Are cluster ion analysis beams good choices for hydrogen depth profiling using time-of-flight secondary ion mass spectrometry?
Article first published online: 15 MAY 2011
Copyright © 2011 John Wiley & Sons, Ltd.
Surface and Interface Analysis
Volume 44, Issue 1, pages 89–93, January 2012
How to Cite
Zhu, Z. and Shutthanandan, V. (2012), Are cluster ion analysis beams good choices for hydrogen depth profiling using time-of-flight secondary ion mass spectrometry?. Surf. Interface Anal., 44: 89–93. doi: 10.1002/sia.3776
- Issue published online: 12 DEC 2011
- Article first published online: 15 MAY 2011
- Manuscript Revised: 18 MAR 2011
- Manuscript Accepted: 18 MAR 2011
- Manuscript Received: 14 JAN 2011
- hydrogen depth profiling;
- cluster primary ion;
- atomic primary ion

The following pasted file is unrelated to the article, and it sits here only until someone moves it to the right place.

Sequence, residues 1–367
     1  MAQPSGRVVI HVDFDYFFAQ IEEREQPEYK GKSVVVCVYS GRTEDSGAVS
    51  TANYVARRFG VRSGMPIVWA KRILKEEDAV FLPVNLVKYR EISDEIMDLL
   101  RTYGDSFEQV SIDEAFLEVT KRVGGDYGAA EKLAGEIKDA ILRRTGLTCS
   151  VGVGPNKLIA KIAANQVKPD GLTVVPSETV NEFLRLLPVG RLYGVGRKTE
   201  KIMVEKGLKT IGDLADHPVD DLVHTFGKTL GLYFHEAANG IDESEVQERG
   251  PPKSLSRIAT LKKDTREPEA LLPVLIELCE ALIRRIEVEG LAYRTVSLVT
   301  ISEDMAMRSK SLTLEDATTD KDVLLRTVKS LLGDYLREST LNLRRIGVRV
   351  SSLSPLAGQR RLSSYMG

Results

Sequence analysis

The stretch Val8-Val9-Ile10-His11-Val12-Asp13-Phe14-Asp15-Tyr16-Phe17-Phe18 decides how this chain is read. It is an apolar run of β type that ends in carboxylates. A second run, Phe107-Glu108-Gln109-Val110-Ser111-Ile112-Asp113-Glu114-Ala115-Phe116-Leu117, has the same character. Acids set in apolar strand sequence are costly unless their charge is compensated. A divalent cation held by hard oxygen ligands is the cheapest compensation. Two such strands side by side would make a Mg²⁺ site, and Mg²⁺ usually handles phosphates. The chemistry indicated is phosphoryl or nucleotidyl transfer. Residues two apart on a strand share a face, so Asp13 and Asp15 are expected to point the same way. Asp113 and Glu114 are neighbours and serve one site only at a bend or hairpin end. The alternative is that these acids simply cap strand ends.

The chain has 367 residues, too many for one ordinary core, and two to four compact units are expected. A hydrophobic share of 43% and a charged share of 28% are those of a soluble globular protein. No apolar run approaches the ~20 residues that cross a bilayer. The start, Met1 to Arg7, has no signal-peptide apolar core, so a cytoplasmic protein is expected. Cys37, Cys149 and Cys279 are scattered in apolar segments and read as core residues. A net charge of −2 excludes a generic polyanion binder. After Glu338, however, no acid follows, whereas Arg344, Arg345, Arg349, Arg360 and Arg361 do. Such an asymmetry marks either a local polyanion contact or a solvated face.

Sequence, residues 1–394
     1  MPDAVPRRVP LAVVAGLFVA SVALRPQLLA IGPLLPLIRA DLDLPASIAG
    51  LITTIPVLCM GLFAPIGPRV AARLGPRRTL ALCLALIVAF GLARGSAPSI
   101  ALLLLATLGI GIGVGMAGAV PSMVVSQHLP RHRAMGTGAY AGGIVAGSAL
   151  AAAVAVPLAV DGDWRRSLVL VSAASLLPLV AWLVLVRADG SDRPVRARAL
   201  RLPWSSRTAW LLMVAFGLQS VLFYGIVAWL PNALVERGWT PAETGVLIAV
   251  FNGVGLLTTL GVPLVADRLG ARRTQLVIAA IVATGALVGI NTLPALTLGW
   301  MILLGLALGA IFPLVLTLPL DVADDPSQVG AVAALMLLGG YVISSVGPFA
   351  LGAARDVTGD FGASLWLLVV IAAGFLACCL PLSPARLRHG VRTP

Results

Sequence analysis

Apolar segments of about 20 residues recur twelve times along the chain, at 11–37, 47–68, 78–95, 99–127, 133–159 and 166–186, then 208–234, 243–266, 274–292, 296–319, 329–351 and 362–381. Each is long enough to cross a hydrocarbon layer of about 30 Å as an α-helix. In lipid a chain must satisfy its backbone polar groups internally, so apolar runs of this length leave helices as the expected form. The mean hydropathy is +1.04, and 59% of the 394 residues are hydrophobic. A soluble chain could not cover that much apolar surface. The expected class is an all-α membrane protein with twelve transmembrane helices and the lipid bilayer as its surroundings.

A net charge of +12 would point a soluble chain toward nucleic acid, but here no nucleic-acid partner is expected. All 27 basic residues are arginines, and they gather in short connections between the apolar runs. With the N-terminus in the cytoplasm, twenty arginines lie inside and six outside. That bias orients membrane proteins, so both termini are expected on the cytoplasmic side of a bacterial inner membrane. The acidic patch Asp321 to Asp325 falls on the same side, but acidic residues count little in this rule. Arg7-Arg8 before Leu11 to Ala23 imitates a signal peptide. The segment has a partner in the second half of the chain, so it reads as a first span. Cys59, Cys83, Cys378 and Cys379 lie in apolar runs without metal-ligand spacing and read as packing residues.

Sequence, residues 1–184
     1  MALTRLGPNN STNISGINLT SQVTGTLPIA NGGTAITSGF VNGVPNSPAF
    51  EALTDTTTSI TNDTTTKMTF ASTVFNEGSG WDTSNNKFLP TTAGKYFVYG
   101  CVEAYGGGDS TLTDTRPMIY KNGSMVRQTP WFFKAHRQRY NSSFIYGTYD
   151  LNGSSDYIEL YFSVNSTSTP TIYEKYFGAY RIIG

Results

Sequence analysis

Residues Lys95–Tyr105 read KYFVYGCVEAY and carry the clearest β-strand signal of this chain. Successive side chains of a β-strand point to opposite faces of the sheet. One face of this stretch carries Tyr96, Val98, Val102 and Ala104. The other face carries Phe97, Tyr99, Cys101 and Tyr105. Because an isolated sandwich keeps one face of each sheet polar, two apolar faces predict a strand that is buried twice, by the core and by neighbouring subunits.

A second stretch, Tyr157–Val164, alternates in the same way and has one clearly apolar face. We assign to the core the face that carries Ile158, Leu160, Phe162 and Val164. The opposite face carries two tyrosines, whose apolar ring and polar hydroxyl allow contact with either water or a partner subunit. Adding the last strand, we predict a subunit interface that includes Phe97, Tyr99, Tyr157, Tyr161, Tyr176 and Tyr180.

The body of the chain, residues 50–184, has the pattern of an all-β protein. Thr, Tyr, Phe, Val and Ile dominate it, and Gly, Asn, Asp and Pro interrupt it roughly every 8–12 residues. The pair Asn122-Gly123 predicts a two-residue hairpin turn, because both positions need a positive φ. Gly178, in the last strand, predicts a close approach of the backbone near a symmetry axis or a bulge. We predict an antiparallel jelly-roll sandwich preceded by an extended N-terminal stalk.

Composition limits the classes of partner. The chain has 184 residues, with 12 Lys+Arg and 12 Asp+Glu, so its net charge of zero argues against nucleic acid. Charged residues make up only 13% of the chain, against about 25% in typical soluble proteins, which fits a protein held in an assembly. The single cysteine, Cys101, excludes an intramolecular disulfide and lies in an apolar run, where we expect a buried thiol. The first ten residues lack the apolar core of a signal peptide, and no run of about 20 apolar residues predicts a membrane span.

For more than three decades, time-of-flight secondary ion mass spectrometry (ToF-SIMS) has been used for elemental depth profiling. In recent years, cluster primary ion sources (principally, C60+, Bin+, and Aun+) have become widely available, and they can greatly enhance the signal intensity of molecular ions (10–1000 times). Understanding the performance of cluster ion analysis beams used in elemental depth profiling can greatly assist normal ToF-SIMS users in choosing the optimal analysis beam for depth profiling work. Presently, however, the experimental data are lacking, and such choices are difficult to make. In this paper, hydrogen and deuterium depth profiling were studied using six different analysis beams—25 keV Bi+, Bi3+, Bi5+, 50 keV Bi32+, 10 keV C60+, and 20 keV C602+. The effort shows that cluster primary ions do enhance H− and D− yields, but the enhancement is only about 1.5–4.0 times when compared to atomic Bi+ ions. Because the currents of atomic ion analysis beams are much stronger than the currents of cluster ion analysis beams for most commercial ToF-SIMS instruments, the atomic ion analysis beams can provide the strongest H− and D− signal intensities, and may be the best choices for hydrogen and deuterium depth profiling. In addition, two representative nuclides, 30Si and 18O, were also studied and yielded results similar to those of H− and D−. Copyright © 2011 John Wiley & Sons, Ltd.